I understand you put together the chassis-mounted front splitter yourself?
Yes, I remember I was finishing my fourth year in medical school when I started to work on the front splitter. It was a challenge because not only did I not know exactly what I was doing, but also, I didn't have too much free time due to the hospital workload. I usually got off from the hospital at 9:00pm, drove home and started working on the car and finished around 2:00am, then got some sleep and woke up to be at the hospital again at 7:00am. It took me like 120 hours to complete the front splitter, with lots of trial and errors. Looking back at it I just laugh about it, because I truly enjoyed those days.
The Volks look perfect on the car. Any special modifications to make them fit?
Amazingly enough, a hidden talent of the SN95, 1994-2004 Mustang is that they can accommodate really wide wheels and tires in the front and rear with the stock body. Even though the rear wheels are 18x12-inches, the car can still accommodate 1-1.5-inch wider wheels at the rear and still keep the stock body. You have to do some work on the inner panels, but it is very possible.
Word on the street is that there's a funny story behind the wheels...
Back when I was in the process of ordering the wheels, I contacted Makin Industries and they had the ZE40 in the same specs that we were looking for. Later found out Rywire was building the white widebody S2000 for SEMA and was sourcing ZE40s in 18x10" and 18x12". Luckily, I got the last set a couple of days before. I think I probably delayed the S2000 build due to the waiting time of getting a new set of 18x12 ZE40s...
I'm sure Ryan at Rywire didn't mind too much. Haha! How has your car been received among the Mustang community and your fellow Puerto Rican car enthusiasts?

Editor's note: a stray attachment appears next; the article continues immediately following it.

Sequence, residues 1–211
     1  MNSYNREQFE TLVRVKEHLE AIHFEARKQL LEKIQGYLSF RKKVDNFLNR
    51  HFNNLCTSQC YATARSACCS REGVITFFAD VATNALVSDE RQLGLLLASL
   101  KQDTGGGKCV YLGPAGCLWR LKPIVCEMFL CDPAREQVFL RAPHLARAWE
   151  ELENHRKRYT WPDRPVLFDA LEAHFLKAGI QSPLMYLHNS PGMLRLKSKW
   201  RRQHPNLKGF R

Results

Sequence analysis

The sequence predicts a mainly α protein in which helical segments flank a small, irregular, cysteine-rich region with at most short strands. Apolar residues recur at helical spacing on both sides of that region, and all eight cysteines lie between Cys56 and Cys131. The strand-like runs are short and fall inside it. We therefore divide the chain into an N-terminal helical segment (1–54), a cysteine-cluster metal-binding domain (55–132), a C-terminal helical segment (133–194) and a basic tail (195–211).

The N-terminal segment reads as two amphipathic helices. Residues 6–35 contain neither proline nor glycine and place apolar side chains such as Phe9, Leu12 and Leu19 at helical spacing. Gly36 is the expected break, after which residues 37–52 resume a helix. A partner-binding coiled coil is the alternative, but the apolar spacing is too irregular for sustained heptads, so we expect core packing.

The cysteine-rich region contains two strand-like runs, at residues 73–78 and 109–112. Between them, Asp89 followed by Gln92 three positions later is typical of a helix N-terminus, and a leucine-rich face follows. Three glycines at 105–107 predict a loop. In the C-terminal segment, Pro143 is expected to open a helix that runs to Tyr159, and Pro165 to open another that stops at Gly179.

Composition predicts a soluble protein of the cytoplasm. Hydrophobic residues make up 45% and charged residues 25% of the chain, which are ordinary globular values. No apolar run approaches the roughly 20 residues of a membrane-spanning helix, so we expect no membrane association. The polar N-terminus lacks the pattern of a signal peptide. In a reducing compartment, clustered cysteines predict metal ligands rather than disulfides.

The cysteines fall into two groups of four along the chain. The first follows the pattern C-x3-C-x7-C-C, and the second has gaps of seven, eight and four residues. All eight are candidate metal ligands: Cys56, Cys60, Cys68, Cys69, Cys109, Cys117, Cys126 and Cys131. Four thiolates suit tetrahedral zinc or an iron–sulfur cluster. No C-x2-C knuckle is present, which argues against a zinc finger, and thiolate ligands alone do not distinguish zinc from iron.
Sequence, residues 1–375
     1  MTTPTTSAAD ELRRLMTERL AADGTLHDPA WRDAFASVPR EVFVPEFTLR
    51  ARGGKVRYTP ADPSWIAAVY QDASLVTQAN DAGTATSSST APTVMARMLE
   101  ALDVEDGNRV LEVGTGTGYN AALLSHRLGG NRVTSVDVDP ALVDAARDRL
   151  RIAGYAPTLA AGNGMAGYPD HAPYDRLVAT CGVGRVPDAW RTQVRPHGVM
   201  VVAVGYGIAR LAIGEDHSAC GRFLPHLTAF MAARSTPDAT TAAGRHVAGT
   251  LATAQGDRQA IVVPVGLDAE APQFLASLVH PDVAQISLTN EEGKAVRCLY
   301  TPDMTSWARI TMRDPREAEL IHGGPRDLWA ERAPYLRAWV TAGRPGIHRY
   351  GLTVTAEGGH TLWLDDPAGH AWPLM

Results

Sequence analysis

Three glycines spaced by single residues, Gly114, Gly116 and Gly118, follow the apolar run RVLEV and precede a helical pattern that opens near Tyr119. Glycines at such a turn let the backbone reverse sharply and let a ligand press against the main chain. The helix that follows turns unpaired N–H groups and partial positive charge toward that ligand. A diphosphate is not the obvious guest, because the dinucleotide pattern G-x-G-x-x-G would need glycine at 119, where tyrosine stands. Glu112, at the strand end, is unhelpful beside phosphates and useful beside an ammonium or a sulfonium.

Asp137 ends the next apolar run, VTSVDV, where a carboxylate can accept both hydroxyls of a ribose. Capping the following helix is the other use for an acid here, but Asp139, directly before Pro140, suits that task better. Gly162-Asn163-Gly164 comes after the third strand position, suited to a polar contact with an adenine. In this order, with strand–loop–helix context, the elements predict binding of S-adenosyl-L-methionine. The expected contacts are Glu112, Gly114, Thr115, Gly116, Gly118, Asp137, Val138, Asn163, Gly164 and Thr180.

Mustang community hates it, and I get it. I mean it goes against all of what V8 enthusiasts believe in: power, torque, drag racing, V8 sound—all the things that my car doesn't have. I actually enjoy the comments they make. I think overall the Puerto Rico car community has received it very well, especially since the import scene on the island is huge.
I've never test drove a V6 Mustang, let alone one like yours. How does it ride?
My little brother also has a Mustang, a S197 2005 Ford Mustang GT, and his focus is also road racing. He has it in the Netherlands and tracks it at the Nurburgring every year. Compared to his, my car feels a lot lighter and more responsive at the front, and thanks to the independent rear suspension it rides less bumpy. My car feels very well balanced. Understeer is nonexistent, and there is a slight oversteer, but not enough to kill the crowd when leaving the car meet. My V6 is not a good engine, but it's not a bad engine either. It's seen nitrous and boost, has handled a lot of track time and street racing, and still, the engine turns like new and has never had any problems.
What's been the major difference from a nitrous V6 to a supercharged V6?
The nitrous system was fun, and that's about it, haha! The centrifugal supercharger gives you a nice linear powerband. I can go more aggressive on the pulley setup, but for the road course here in Puerto Rico, 300whp is enough to have fun.
Speaking of the road course, you have one!
Puerto Rico is a small island that measures 100x35 miles. A couple of years ago, we used to have four road courses, but the bread and butter on the island is drag racing. As of 2020, we only have one road course left.
What's next for the project?
I think the Mustang is going to get retired now and be placed in a nice garage where I take it out once in a while. Engine swap could be in the far future, but for now I'm going to shift my focus to newer and bigger projects cars. I've just graduated from Internal Medicine residency and I'm sure my good days of car tuning are about to begin.
Congratulations and we look forward to seeing what you come up with next, Bryan!
PUERTO RICO CAR FEATURES FROM SUPER STREET ARCHIVES
- To this day, this 650whp Evo VIII is one of the nicest builds to ever be featured from Puerto Rico.
- Another Evo feature from ten years ago, this one with 550whp and APR aero.
- All-wheel-drive is the name of the game in the PR as we take a look back at this Subaru WRX STI featured in Turbo Magazine in 2006.